- Rush – The NPC will make a dash at a specific target without any regard for their safety, typically in a straight line. However, the main aspect of this movement type is that they will attack very fast and often try to close the distance between themselves and their target as fast as possible
- Cautious – When used, it means that the NPC is opting to move around the battlefield but tries to maintain a distance from its target. Often trying to utilize cover when possible and not closing the distance when possible. This is different from a slow push because this NPC tries to maintain a specific radius around its target, without advancing.
Movement Range – This is how far the NPC will move during an engagement. This can be Low, Medium, or High.
Movement Frequency – This is how often the NPC will change their position during an engagement. This can be Low, Medium, or High.
Attack Frequency – This describes how often the NPC will initiate an attack. This can be Low, Medium, or High.
Weapon Type – The patterns include the following. They are described in more detail in the following section:
- Sniping Weapon
- Close Blast
- Assault Weapon
- Power Weapon
- Melee Weapon
Weapon Damage – A general indicator on how much damage the NPC will do to the player’s Health, Shields, or Armor. This can be Low, Medium, or High.
Armor/Health – This denotes how much damage the NPC can take before being killed. This will typically be linked to how hard the NPC is to defeat. This can be Low, Medium, or High.
Motive – This is an indicator of what type of combat encounter the NPC would create and shows its purpose to the designer. This hinges on three main factors that an NPC can affect:
- Challenge – The degree of difficulty within a combat encounter.
- Tension – The degree of mental stress the player experiences during a combat encounter.
- Pacing – The degree of movement that the player will engage in during a combat encounter
A pattern can affect each of these three factors by creating a situation where they can be at Low, Medium, or High.
Below is a list of all the patterns that we have collected during our research. Each base pattern specifies the primary function of that general type, while each sub pattern denotes how that function is carried out.
Soldier – An NPC that pressures the player from range.
- Grunt – A weak enemy that attacks from a medium distance, often in groups.
- Elite – A strong enemy that works to contain the player from a medium distance.
- Grenadier – A weaker enemy that maintains long distance to encourage players to move forwards.
- Sniper – An enemy that deals high damage from a long distance to force players to move carefully.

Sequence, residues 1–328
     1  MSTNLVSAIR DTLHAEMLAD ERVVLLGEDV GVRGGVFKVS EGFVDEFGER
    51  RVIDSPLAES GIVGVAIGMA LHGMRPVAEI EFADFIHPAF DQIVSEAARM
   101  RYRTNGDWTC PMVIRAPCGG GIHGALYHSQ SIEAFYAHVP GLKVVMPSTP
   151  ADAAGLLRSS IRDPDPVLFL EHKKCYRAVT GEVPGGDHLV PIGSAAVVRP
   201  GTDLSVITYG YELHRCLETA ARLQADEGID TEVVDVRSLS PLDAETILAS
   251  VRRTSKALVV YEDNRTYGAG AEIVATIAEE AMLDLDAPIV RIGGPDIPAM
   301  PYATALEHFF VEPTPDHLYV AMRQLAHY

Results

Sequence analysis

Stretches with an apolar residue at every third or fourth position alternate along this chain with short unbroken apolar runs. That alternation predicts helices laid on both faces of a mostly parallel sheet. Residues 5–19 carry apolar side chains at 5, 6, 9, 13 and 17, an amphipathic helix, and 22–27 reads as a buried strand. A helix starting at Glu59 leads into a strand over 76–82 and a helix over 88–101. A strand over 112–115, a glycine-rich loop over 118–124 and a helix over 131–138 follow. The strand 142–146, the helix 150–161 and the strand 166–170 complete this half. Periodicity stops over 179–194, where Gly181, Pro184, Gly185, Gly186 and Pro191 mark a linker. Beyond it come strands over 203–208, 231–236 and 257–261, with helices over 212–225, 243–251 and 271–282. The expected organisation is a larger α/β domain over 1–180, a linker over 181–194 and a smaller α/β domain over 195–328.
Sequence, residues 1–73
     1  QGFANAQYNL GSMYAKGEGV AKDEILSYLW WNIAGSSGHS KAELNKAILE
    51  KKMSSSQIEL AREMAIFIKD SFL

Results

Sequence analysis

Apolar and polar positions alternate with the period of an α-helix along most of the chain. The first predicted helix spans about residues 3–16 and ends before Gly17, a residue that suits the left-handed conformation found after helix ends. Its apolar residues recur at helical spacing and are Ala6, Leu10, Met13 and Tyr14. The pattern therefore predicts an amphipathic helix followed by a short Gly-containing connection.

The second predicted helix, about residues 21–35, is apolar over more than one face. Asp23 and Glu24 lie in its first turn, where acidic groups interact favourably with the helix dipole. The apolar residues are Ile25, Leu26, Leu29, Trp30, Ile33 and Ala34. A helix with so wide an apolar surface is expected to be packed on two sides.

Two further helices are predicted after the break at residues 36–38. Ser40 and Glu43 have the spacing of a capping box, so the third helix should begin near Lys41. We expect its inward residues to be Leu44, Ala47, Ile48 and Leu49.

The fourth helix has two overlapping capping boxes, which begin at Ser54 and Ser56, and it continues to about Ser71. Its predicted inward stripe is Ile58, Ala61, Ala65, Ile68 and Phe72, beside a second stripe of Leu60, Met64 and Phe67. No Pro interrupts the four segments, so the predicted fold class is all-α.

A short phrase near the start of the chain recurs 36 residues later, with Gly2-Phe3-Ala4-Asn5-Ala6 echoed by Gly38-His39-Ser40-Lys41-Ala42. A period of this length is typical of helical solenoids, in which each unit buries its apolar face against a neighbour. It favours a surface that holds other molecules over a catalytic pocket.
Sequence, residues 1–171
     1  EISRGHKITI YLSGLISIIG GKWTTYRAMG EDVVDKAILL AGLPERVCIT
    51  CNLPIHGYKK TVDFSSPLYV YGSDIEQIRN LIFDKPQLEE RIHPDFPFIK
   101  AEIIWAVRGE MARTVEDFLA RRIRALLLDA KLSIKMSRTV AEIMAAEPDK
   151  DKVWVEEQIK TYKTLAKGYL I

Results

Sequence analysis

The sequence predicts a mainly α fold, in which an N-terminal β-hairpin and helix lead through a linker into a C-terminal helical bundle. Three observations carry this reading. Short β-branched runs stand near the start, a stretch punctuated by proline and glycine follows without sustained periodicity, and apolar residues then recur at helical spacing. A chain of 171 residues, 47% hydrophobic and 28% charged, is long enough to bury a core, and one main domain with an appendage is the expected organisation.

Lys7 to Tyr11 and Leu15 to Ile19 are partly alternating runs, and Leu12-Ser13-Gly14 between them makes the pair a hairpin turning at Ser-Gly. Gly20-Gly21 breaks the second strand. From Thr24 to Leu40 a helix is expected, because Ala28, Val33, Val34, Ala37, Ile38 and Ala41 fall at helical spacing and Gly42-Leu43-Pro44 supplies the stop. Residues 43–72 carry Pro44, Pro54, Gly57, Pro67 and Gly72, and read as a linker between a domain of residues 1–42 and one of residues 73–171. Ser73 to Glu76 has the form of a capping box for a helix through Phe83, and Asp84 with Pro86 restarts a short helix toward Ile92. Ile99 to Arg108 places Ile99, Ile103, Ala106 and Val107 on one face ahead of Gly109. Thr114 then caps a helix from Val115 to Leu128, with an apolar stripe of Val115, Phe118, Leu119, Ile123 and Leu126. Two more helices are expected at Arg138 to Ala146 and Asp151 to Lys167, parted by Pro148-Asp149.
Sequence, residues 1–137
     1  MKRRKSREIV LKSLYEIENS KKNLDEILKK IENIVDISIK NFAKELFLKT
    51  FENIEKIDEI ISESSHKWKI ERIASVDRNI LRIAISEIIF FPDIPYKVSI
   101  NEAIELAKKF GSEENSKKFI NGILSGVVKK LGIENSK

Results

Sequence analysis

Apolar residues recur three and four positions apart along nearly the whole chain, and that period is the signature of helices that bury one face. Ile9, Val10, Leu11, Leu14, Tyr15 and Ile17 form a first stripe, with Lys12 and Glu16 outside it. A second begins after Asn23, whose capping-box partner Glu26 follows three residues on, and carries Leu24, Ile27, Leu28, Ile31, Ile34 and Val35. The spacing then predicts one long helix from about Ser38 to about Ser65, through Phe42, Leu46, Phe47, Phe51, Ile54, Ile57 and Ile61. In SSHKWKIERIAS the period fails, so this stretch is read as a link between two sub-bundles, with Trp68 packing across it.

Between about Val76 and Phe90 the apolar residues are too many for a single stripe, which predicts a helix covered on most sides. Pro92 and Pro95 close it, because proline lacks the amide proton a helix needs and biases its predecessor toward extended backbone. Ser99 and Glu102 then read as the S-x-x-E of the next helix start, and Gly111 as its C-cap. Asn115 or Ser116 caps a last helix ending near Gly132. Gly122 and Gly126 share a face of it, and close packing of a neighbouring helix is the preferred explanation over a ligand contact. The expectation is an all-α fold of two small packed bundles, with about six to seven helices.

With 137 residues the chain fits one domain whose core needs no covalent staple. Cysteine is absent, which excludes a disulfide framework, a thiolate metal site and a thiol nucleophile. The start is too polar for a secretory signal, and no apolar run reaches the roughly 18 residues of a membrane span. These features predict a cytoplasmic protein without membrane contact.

Aggressive – An NPC that attempts to close the distance between itself and its target in order to increase pressure.
- Suicide – An enemy that immediately rushes at the player, at the cost of its own life.
- Swarm – An enemy that rushes the player in groups, but deals low damage individually.
- Berserker – A strong NPC that deals a high amount of damage over a prolonged amount of time.
Carrier – An NPC that will spawn more NPCs during an encounter.
- Sacrifice – An NPC that creates more NPCs in the case of its own death.
- Summoner – An enemy that spawns more NPCs at a distance
Tank – An NPC that poses a significant singular threat and prevents the player from proceeding
- Stationary Tank – A slow-moving NPC that deals high damage at a long range.
- Shield – An NPC with a large amount of armor, but only in a single direction.
The following sections detail all of the base patterns and at least one of their sub patterns.
Soldier is a NPC that will pressure the player from long range. Its main strategy is to control the available space in the encounter. NPCs of this type make up the majority of units during an encounter. They are primarily used to control pacing by forcing the player to take particular paths through the environment. These NPCs will have a weapon type that is an Assault, Close Blast, Sniping, or Projectile.
The Grunt is a weak NPC that will try to maintain a medium distance away when attacking. The main function this serves is to draw the player to forward through the level and increase the player's confidence. This pattern is distinguished by always having medium movement range, medium movement frequency, and light armor. The motive of the Grunt pattern is to create a situation with low tension and low challenge.
- Movement type can be Slow Push, Flanking Intensive, or Cautious.
- Attack frequency can be either Low or Medium.
- Weapon damage can be either Low or Medium.
The grunt has a special relationship with the Suicide pattern, because sometimes a grunt may change to the suicide pattern in the middle of an encounter.
Halo: Combat Evolved - The Grunt is a small unit that appears in every game within the Halo franchise. It has a low amount of Armor and is usually to be equipped with an assault weapon that does a low (Plasma Pistol) or medium (Needler) amount of damage. They exhibit the special relationship with the Suicide pattern in that they will self-destruct in times of desperation. The range it keeps is either short or medium but tries to pester the player by implementing the Cautious movement type.